An example of clearing member data for fictitious firms A and B is given in Table 1: Clearing Member Data.

    Table 1: Clearing Member Data

    Chicago Board of Trade December 2001 Corn Future (in contracts) As of: 08/15/01

    Clearing Member

    Account

    Position

    Trades

    Delivery Notices

    Versus Cash

    Long

    Short

    Bought

    Sold

    Stopped

    Issued

    Bought

    Sold

    Firm A

    House

    85

    0

    10

    0

    0

    0

    0

    0

    Customer

    2450

    1810

    475

    785

    0

    0

    0

    0

    Firm B

    House

    0

    1990

    40

    0

    0

    0

    15

    0

    Customer

    0

    0

    0

    0

    0

    0

    0

    0


    The Commission staff uses data like this to identify large cleared positions in single markets or across many markets and exchanges, to audit large trader reports, and to resolve any account aggregation issue.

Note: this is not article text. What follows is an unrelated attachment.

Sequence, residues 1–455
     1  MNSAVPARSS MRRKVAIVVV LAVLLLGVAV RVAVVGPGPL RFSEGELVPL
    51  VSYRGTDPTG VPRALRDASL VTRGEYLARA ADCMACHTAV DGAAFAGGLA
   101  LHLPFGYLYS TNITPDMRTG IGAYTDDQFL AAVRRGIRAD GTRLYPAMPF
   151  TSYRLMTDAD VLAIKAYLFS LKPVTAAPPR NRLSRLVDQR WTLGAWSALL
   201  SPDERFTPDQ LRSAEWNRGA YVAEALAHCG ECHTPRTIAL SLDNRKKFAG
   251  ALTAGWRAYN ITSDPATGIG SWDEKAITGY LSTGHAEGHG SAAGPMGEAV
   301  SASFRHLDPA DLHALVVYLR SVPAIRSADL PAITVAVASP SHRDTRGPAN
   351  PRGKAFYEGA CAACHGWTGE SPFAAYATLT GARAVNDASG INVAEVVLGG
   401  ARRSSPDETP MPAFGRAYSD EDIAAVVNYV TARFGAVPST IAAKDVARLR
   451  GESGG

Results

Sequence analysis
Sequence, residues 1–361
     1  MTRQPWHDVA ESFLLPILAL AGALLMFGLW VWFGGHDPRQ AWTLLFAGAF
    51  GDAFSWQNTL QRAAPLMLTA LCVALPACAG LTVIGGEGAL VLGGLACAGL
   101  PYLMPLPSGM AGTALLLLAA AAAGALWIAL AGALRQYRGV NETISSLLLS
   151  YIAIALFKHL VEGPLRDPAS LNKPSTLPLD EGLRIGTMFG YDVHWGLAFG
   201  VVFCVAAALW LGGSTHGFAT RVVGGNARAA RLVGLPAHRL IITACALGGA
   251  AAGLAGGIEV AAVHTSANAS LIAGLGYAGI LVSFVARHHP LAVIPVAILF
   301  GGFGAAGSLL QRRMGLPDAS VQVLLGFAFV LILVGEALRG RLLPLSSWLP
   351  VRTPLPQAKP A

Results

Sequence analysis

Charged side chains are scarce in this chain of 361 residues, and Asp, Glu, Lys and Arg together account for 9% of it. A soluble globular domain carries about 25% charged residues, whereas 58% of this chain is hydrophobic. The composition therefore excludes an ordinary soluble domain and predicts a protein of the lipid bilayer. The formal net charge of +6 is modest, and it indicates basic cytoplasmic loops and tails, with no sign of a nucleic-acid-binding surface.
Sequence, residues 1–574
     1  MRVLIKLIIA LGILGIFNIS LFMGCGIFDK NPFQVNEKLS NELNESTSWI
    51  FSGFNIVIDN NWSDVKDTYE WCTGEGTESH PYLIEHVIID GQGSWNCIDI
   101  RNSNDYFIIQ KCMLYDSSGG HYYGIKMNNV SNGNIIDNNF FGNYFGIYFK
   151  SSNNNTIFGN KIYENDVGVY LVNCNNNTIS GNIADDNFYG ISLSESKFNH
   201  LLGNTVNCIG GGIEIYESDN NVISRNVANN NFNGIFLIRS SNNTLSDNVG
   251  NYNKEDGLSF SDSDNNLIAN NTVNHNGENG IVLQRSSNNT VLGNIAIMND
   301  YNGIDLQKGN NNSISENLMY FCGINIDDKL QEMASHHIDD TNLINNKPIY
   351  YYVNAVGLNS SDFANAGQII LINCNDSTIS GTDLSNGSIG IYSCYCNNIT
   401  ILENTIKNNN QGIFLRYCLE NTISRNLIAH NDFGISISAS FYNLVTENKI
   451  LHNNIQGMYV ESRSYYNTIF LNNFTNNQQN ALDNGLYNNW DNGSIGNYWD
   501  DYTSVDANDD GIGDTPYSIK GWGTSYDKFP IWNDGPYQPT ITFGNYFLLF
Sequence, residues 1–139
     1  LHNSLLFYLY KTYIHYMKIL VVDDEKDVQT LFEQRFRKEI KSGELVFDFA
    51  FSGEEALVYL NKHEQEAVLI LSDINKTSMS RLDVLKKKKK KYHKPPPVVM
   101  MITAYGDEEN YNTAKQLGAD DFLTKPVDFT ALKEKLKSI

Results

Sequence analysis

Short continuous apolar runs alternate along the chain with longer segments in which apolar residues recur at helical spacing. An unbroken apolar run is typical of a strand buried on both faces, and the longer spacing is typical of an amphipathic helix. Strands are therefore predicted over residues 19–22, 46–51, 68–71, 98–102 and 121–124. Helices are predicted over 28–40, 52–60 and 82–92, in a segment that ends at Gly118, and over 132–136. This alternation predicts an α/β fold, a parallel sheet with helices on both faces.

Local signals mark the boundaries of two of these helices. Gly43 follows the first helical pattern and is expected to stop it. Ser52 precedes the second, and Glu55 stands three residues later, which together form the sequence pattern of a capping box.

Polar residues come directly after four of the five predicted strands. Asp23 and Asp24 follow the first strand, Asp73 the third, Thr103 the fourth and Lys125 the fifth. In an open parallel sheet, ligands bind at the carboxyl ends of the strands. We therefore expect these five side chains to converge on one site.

Clearing member data, however, do not directly identify the beneficial owners of positions. The aggregate customer position reported for a clearing member could represent either a single trader or numerous traders. Also, the data would not reveal a circumstance where a single trader controls substantial portions of the customer positions with more than one clearing member, and therefore, could control a substantial portion of the market. To address such a limitation on clearing member data, the Commission’s market surveillance program uses its large trader reporting system.